RV Furnace Smells Like Propane: What You Need To Do

As an RVgoer, you know that one of the essential parts of your vehicle is the RV furnace. It keeps you warm and cozy during long drives and nights spent camping. Unfortunately, sometimes the furnace can have problems that result in strange smells. If you suddenly notice a smell of propane in your RV, it could be coming from your furnace.

Your furnace, when working correctly, should still give you fresh air and excellent indoor air quality. Any odor or smell is a sign that something is not working correctly and should be investigated as soon as possible.

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RV Furnace Smell

It’s not a pleasant smell, but at least propane has that distinct odor that allows us to determine if there is a leak.

Propane is a colorless and odorless gas that, when left alone, can be dangerous. But propane suppliers add a chemical called Odorant-Mercaptan to help alert people if the gas starts to leak. This chemical gives the gas an unpleasant smell that you may have noticed before.

If you suspect that the propane smell is coming from your furnace, it is time to investigate because you have either a furnace or a propane problem.

Where is that Smell

First, your best bet is to investigate where the propane smell comes from. Since propane is a gas, the odor can move around, and it may not be coming from exactly where you may think. This means the smell could come from the propane tank, down to any part of the gas line.

If you want to investigate your entire propane system, visit this post on finding a gas leak if you smell propane outside your RV.

Propane Leak Detector

Propane leak detectors come in various shapes and sizes and can be easily installed in the RV furnace. They work by continuously monitoring the air within the furnace for any traces of propane gas or other combustible vapors.

Propane Leak Detector at Amazon.com

When these vapors are detected above a predetermined threshold, the alarm is activated. This allows you to take action before any potential danger arises from an undetected gas leak.

Causes of Leak

If the propane is coming from your furnace, there are multiple areas that you will need to check out for the smell.

Gas Line

Like any propane appliance in your RV, it will be connected to a gas line. Remember, your camper is bouncing and going down a highway at high speed. Any connection, including your propane line, is in jeopardy of getting loose over time.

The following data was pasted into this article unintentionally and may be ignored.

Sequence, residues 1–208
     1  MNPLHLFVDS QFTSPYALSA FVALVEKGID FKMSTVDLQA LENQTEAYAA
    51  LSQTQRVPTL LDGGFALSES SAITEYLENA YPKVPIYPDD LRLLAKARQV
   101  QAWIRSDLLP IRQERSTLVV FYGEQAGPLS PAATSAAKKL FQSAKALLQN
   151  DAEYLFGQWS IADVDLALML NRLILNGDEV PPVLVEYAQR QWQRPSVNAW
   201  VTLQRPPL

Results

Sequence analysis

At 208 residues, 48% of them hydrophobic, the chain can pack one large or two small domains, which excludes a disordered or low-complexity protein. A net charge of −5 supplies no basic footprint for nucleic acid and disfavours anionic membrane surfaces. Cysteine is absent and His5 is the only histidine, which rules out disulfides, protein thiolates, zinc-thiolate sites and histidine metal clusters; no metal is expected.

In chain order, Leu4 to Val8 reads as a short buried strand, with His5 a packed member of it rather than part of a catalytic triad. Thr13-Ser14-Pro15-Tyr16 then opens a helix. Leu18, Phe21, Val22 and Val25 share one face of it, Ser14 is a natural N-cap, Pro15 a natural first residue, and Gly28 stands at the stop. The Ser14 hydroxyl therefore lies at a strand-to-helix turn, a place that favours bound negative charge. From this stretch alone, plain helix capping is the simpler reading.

Check the connection. See if there is any corrosion or debris that may cause an issue.

Check the tightness of the nut ferrule. Give it a slight turn with a wrench to see if it tightens and removes the odor. Since sometimes it is difficult to tell my smell alone, use the soapy water method in the link noted above. By seeing the bubbles in the water, it will let you know that gas is escaping and the likely culprit of the leak.

Incomplete Combustion

The furnace heat exchanger works by safely combusting fuel to generate warmth. This process occurs in a combustion chamber that’s sealed off from the living area of the RV. The hot air produced within this chamber then passes through a metal plate called a ‘heat exchanger.’ This plate absorbs the heat before directing it into the interior of the RV via ducts or vents.

If there is any issue with your furnace and the heat exchanger is giving you incomplete combustion, some of the propane could be leaking out of the furnace. Another concern with incomplete combustion is that the furnace could produce carbon monoxide. If enough CO2 is given off, your RV carbon monoxide detector will warn you. If that is the case, get out to fresh air as soon as possible and get to a furnace repair person.


Besides the issues above, another source of the smell could be your exhaust. Any disruption in the exhaust could put back into your RV unwanted odors or propane gas.

The exhaust system for an RV furnace works much like a car’s exhaust system. The purpose is to provide ventilation and prevent dangerous gases such as carbon monoxide from entering your RV. The exhaust pipe runs from the back of the furnace outside, usually through a wall or vent into the atmosphere. This ensures that no hazardous materials are emitted inside your living space.

Use compressed air to clear out the heater exhaust.

Check your exhaust for any clogs or debris inside. Sometimes rodents can get inside and create a mess that causes damage. You can also use compressed air to blow out any obstructions that find their way inside the vent.

Final Thoughts

What’s that smell I smell! That is what my son used to say when he was two years old and smelled something out of the ordinary. If you are in your RV and the furnace is giving off a propane smell, that is something you want to pay attention to.

First, you learned that you need to investigate the source of the leak to make sure it is indeed the furnace. Secondly, check gas line connections to ensure they are tight and leak-free. Finally, make sure your exhaust vent is free and clear, and no debris is backing up the ability to get rid of the odor gases.